A bill to fund a state equestrian center died in the finance, bonding, and revenue committee on April 11. The $21 million request was not placed on the committee’s agenda, and consequently, never came to a vote. “It was not unexpected,” said Kurt Schneider, a Newtown resident and major proponent of the horse park. “Even if they appropriated the money, nothing will be decided on the use of Fairfield Hills until 1995.” State Rep John Mordasky (D-Stafford Springs), who introduced the funding initiative, requested that $251 million earmarked to build a professional football stadium be released and some of the money used for a state equestrian center. The deal to lure the New England Patriots to Hartford fell through last year, but the money still remained approved for bonding. The chairman of the committee, however, refused to release the funds. “It was the right decision,” said Mr Mordasky. “A lot of people would have wanted part of the money. By saying no to me, he said no to everybody.”

***

As the new tag sale season starts, the town’s zoning enforcement officer reminds residents that a permit is required to conduct a tag sale. Permits are available at the Planning and Zoning office in Town Hall South from 8 am to 4:30 pm Monday through Friday according to Zoning Enforcement Officer William Nicholson. The fee for the permit is $5. A security deposit of $25 is also required. Both fees must be paid in cash. A tag sale permit covers a period of nine consecutive days, which allows a tag sale to span two consecutive weekends. No more than two tag sales can be held at a single location per year. The sales must be held six months apart. At least 10 off-street parking spaces are required to hold a tag sale. The parking need not be paved. A main reason for required permits is to control the use of signs that are used to advertise the events. “While most people have good intentions, the reality is that many people place signs on telephone poles or trees all over town and leave the signs there long after the sale has taken place,” Mr Nicholson said.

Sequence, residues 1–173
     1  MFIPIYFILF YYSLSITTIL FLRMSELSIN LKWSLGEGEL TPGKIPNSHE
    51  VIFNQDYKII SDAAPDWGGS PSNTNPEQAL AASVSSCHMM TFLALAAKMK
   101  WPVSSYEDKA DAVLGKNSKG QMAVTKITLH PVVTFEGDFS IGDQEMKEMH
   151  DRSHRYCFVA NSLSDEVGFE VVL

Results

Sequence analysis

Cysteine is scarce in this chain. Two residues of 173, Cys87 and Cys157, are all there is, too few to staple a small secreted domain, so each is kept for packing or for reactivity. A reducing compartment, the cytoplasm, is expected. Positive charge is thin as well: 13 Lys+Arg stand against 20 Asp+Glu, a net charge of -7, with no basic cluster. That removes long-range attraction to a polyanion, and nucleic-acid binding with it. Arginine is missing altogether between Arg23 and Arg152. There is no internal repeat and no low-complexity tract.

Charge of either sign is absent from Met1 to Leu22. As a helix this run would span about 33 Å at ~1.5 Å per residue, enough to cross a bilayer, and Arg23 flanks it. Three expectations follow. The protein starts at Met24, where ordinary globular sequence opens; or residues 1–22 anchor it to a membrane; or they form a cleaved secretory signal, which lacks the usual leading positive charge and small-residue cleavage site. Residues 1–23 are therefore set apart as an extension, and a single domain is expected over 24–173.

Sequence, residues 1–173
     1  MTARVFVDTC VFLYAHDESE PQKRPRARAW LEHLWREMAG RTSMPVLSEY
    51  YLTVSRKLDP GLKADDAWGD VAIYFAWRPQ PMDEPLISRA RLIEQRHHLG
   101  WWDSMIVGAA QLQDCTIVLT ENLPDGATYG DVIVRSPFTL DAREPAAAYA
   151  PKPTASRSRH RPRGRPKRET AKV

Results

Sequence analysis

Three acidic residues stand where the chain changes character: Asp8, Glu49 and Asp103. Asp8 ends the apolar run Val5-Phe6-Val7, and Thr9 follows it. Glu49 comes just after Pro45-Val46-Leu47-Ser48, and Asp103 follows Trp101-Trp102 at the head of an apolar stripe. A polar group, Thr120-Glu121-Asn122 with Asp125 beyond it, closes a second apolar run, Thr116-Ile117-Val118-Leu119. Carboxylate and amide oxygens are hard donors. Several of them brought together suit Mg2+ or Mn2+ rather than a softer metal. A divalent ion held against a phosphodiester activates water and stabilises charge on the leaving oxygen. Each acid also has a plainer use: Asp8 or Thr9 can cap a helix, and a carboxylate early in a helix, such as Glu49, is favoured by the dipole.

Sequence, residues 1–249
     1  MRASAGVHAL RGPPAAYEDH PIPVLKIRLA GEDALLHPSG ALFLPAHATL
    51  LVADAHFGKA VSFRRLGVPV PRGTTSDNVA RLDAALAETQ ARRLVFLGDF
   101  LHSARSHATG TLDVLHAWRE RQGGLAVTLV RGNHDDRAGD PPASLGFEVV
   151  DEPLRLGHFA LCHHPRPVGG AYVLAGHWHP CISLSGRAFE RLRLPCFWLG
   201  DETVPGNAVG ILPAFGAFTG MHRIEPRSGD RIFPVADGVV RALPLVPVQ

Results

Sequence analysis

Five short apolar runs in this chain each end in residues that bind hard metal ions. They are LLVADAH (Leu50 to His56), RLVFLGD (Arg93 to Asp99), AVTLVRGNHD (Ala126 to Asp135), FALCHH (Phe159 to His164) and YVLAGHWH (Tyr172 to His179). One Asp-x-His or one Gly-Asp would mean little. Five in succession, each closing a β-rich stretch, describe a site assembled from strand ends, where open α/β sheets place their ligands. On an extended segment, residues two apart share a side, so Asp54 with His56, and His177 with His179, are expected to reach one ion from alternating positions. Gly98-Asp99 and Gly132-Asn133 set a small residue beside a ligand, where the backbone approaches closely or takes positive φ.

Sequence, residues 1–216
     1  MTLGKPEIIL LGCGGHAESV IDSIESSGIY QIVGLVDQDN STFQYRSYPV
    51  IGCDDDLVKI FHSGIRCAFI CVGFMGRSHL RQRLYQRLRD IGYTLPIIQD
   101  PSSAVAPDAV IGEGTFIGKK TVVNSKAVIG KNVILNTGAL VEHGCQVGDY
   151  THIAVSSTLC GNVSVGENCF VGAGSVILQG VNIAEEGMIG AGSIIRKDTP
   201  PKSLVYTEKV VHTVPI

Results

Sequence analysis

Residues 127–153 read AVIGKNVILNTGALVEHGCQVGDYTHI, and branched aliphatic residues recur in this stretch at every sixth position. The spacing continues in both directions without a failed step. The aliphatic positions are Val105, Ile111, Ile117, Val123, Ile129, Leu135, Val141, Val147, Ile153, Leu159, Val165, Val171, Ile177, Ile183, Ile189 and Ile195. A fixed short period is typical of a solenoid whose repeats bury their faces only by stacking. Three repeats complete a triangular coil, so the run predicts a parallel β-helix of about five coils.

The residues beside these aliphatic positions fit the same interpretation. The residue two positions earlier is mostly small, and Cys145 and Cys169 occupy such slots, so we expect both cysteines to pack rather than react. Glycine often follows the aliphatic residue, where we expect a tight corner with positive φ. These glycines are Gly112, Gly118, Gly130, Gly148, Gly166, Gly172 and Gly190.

***

BEER INCIDENT: Police say they spotted a youth in a motor vehicle at Currituck Road near Signal Post Road at about 1:30 am on April 9. Police said an investigation revealed that the vehicle’s occupant, Aaron Hoffman, 18, of Stratford, had beer in the vehicle. Police said they issued Mr Hoffman a warning alleging possession of liquor in a motor vehicle by a minor.

April 11, 1969

Cans, bottles, and other assorted junk, beware! The Newtown High School Student Council is organizing a Clean-Up Day for April 26. Students will tour the town, cleaning up those eye-sore public areas which thoughtless people, alas, have created. The town is contributing a truck and driver and private cars and trucks will complete the fleet. Newtowners can call 426-4418 to report any public, not private, areas that need attention. And it’s first call, first served — clean-up will be done in the order of calls received.

***